report | Nov 20, 2018

Where Americans Find Meaning in Life

Family is the most common source of meaning in America, but economic, religious and political divides shape where people find meaning in other aspects of life.

feature | Sep 14, 2018

Religious Typology Quiz

Are you a Sunday Stalwart? Solidly Secular? Or somewhere in between? Take our quiz to find out which one of the religious typology groups is your best match and see how you compare with our nationally representative survey of more than 4,000 U.S. adults.

feature | Sep 14, 2018

How the religious typology groups compare

The religious typology sorts American adults into seven cohesive, like-minded groups based on the religious and spiritual beliefs they share, how actively they practice their faith, the value they place on their religion, and the other sources of meaning and fulfillment in their lives. Use this tool to compare the groups on key topics and demographics.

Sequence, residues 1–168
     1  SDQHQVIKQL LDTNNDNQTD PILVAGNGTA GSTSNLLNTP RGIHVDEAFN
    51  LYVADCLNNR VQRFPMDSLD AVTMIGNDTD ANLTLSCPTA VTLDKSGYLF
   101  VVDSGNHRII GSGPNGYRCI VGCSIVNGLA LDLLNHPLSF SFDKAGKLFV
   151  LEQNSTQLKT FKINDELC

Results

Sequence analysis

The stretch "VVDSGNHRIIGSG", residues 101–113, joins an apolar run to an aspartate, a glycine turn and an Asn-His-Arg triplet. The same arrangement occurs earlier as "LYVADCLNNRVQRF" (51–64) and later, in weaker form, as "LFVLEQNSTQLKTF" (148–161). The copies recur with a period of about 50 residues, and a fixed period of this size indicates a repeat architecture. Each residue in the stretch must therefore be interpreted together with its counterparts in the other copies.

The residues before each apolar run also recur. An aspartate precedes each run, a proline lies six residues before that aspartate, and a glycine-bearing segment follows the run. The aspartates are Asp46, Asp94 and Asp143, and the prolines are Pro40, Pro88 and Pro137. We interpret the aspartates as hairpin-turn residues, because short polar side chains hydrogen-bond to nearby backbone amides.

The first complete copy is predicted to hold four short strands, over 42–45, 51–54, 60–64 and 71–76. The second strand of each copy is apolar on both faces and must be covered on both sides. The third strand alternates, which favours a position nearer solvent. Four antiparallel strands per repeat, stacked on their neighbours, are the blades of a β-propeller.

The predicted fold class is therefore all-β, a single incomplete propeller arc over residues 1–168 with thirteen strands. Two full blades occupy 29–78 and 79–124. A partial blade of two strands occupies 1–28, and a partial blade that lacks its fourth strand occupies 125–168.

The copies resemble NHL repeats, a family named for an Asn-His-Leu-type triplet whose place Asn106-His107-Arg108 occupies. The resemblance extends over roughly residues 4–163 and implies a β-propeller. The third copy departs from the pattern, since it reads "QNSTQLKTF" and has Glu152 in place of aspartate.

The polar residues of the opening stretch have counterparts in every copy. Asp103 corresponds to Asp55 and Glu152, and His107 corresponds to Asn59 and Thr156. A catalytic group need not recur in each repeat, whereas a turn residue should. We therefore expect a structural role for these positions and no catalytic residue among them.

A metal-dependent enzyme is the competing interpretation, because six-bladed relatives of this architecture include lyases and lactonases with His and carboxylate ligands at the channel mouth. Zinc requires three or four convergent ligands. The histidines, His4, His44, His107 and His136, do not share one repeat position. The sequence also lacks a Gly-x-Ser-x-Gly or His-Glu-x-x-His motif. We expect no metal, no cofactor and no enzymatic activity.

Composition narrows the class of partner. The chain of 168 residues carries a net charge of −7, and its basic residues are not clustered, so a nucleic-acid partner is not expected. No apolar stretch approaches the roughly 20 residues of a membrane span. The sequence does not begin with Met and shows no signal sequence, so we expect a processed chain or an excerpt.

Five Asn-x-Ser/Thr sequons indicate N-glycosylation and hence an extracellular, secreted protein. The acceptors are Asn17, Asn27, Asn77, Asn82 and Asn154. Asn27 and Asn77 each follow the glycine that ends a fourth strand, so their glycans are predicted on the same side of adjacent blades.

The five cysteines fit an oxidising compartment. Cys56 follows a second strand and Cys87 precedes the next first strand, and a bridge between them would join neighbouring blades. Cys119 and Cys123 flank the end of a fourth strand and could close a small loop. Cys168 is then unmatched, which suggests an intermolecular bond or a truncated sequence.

short read | Sep 5, 2018

U.S. adults are more religious than Western Europeans

American adults – both Christian and unaffiliated – are considerably more religious than their European counterparts by a variety of measures. For instance, about two-thirds of U.S. Christians pray daily, compared with a median of just 18% of Christians across 15 European countries.

short read | Aug 29, 2018

Q&A: The challenges of creating a religious typology

This new analysis creates a typology that cuts across denominations, sorting Americans into seven groups, or “clusters,” based on their religious practices and values, their views about religion in general, and the sources of meaning and fulfillment in their lives. Rich Morin, a senior editor at the Center, explains how the study was put together, and discusses the role of cluster analysis in creating the typology.

short read | Aug 29, 2018

From the Solidly Secular to Sunday Stalwarts, a look at our new religious typology

Most American adults identify with a religion, describing themselves as Protestants, Catholics or Jews, to name just a few examples. But a new Pew Research Center analysis looks at beliefs and behaviors that cut across many religious identities, producing a new and revealing classification, or typology, of religion in America that sorts U.S. adults into seven cohesive groups.

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